Effectiveness and cost-effectiveness of a one-year weight-loss intervention program for children: The Odense Overweight Intervention Study

Bidragets oversatte titel: Effektivitet og kosteffektivitet af en et-årig vægttabs intervention for børn: Odense Overvægtsprojekt

Publikation: AfhandlingPh.d.-afhandling


Background: Overweight and obesity have grown into a worldwide societal burden. Consequently, the stress on the health care systems is escalating, leading to increased expenses. The WHO has urged all member states to stop the rising obesity before 2025. Overweight and obesity has several negative consequences for children. Childhood obesity increased the risk of reduced well-being and later morbidity and mortality. Furthermore, being overweight as a child has shown to increase the risk of overweight in young adulthood.
Only few well-designed randomized controlled trials have been conducted on treating overweight in childhood and adolescence. The most promising have suggested including a combination of diet, physical activity, parent involvement and behavioural components, thus, applying a multi-component approach. Fulfilling many of these components, intensive weight-loss camps have been showing promising results. However, previous evaluations primarily have applied non-randomised designs with short-term follow up.
Aim: The Municipality of Odense have been running a camp-based weight-loss concept for overweight children since 2005. This was translated into a day-camp concept in 2011; the Odense Overweight Intervention Study (OOIS). The aim of the present thesis is to report the effectiveness of the day-camp weight-loss programme with a sub-sequent family-based intervention compared to a minimum intensive intervention. Through the presentation of four studies, the specific objectives of the thesis are to:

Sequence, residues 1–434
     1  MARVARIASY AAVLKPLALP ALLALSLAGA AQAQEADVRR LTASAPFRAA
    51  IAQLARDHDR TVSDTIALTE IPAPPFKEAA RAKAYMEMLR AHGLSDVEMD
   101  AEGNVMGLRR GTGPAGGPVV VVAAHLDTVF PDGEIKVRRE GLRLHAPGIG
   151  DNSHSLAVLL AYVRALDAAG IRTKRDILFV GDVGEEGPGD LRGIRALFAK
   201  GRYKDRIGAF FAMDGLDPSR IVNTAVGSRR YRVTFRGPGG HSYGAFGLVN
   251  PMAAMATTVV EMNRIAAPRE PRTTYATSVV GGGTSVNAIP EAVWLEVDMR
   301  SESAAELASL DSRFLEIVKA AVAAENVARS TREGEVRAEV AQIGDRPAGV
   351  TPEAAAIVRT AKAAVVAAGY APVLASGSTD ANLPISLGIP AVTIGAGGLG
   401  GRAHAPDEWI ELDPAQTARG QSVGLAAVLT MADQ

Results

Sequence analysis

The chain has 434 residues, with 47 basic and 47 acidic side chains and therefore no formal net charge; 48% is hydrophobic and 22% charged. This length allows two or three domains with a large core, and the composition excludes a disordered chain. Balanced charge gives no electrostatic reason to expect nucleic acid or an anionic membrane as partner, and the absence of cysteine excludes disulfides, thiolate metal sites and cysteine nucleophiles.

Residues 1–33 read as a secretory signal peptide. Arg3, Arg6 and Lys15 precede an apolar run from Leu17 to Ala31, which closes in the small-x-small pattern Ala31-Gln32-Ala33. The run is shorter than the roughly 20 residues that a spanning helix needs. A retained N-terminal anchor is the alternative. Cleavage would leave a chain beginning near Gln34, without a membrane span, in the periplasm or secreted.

1. Describe the study design, the design of the intervention components, data collection methods, and outcome measures of the OOIS.
2. Determine the development of weight loss, body composition, and metabolic health-related effects of the OOIS.
3. Determine the development of motor performance effect of the OOIS.
4. Determine the cost-effectiveness of the OOIS.
Materials and methods: The thesis is based on experimental data from the two compared intervention arms. The day-camp intervention (DCIA) was composed by six weeks of intensive day-camp with 3 hours of motivation-enhancing daily physical activity, a healthy diet, and a behavioural approach to healthy habits. Subsequently, a family-based intervention lasting 46 weeks was initiated. The day-camp intervention was compared to an intervention composed by a weekly activity session for six weeks (SIA). Children (appr. 12yr) were offered participation if assessed overweight in a mandatory health examination in schools. One-hundred fifteen children were allocated into the DCIA (N=59) or the SIA (N=56). The children participated in three comprehensive measurements; baseline, six week follow up, and 52 week follow up. Moreover, parents answered questionnaires about ethnicity, health, income, and education. The most relevant outcomes in the present thesis were BMI, BMI z-score, clustered cardiovascular risk z-score, body composition, overweight status, physical fitness, motor skills, costs, and cost-effectiveness.
Results: Overall lost to follow up was 25% over one year. There was found an improvement in BMI and BMI z-score after both six and after 52 weeks in favour of the DCIA. Improvements of CCR z-score in the DCIA were present after six weeks, but only borderline significant after 52 weeks. A similar pattern was observed in body composition. No difference in development of motor skills was observed at either follow up. However, physical fitness improved at both follow ups. The cost-effectiveness analyses showed that the DCIA would cost DDK 2,082 more than the SIA per 0.1 decrease in BMI.
Discussion and conclusions: The study design, intervention components, and measurements of the OOIS were presented in the study protocol and throughout parts of the thesis. Furthermore, the study outcomes were stated prior to data collection, thus, minimising publication- and reporting bias. The day-camp intervention was superior to the standard intervention with respect to weight loss over the entire year. However, the same was found only to be observed after the six week follow up with respect to clustered cardiovascular risk z-score and body composition. Thus, these effects seemed to diminish over time. Furthermore, children in the day-camp improved in physical fitness after one year, but no changes in motor skills were observed. Lastly, the day-camp intervention was cost-ineffective when compared to the standard intervention. The day-camp shows a large potential for aiding children with overweight and obesity. However, we also suggest that alterations for improving the sustainability and costs of the concept are considered.
Bidragets oversatte titelEffektivitet og kosteffektivitet af en et-årig vægttabs intervention for børn: Odense Overvægtsprojekt
StatusUdgivet - 26. feb. 2016